Music festivals. No matter your opinion on them, they’re as integral to the UK’s musical landscape as warm cans of questionable lager are integral to the festivals themselves. Whether you opt for one (or indeed several) of the boutique events that litter the calendar, or you prefer to lose your inhibitions at one of the larger, more established events that dominate UK’s festival scene, you can be sure that at least one will pique your interest. One festival that genuinely does have a little something for everyone, is Derbyshire's Y-Not. A medium-sized offering, whose humble beginnings were that of a teenager's sixth form party, the festival has seen itself expand quite dramatically over the years, and though still a far cry from the dizzying likes of Reading and Leeds, it’s large enough to lose yourself, but small enough to still feel low-key.
Appealing to families, teenagers and everyone in between, there’s a plethora of family-friendly entertainment across the festival site, and a revolving cast of DJs will keep the music going long after the main arena closes, offering the best of both worlds and ensuring those who like to party, and those who like to parent, are kept a comfortable distance apart.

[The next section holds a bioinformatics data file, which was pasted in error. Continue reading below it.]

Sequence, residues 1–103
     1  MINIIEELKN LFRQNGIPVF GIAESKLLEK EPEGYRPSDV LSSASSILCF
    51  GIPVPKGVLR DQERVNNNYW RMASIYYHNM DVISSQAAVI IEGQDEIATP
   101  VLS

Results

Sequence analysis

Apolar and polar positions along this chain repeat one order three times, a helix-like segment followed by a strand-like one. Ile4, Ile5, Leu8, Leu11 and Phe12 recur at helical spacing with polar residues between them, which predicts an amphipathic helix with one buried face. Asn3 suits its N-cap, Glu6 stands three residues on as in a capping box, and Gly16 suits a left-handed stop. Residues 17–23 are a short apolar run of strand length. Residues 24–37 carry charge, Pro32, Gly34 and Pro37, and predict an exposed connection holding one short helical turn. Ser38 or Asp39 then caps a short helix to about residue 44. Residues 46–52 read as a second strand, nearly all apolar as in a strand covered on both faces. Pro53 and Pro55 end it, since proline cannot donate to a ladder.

Of course, the bands are the reason people go to festivals. And this year’s iteration of the festival offers arguably one of the strongest line-ups to date. Headline sets from Two Door Cinema Club and The Vaccines keep things contemporary, while Stereophonics and Happy Mondays will provide a heavy dose of nostalgia for those of who remember when NME was worth reading.
It’s not just about indie though, fans of more electronically-driven stuff will appreciate appearances from Example and Lethal Bizzle, as well as the less expected likes of Ibris Elba. Those who prefer things a little heavier will likely find themselves spending a lot of their time at The Giant Squid stage, where Bury Tomorrow and Frank Carter and the Rattlesnakes will headline the Friday and Sunday respectively.
One thing Y-Not does fantastically, is provide a platform for smaller, local bands who might otherwise not get a look in on some of the larger festivals. Sugarthief, DECO and Afterbloom open the Main Stage each day across the weekend, while the likes of Eyre Lew, Oddity Road and Chroma Bay will all enjoy The Quarry’s hospitality across the weekend; Y-Not’s second largest stage. And that’s not even taking in to account the festival’s support of organisations like BIMM, or This Feeling, whose stages were hidden gems last year and ought to prove no different this time round.
Festivals often boast about being able to cater to a variety of tastes, but rarely do they manage it with such effortless ease. Couple that with the fact that Y-Not has very little in the way of corporate sponsorship, instead using local suppliers for its bars, and you really do get the best of both worlds. See you in the fields.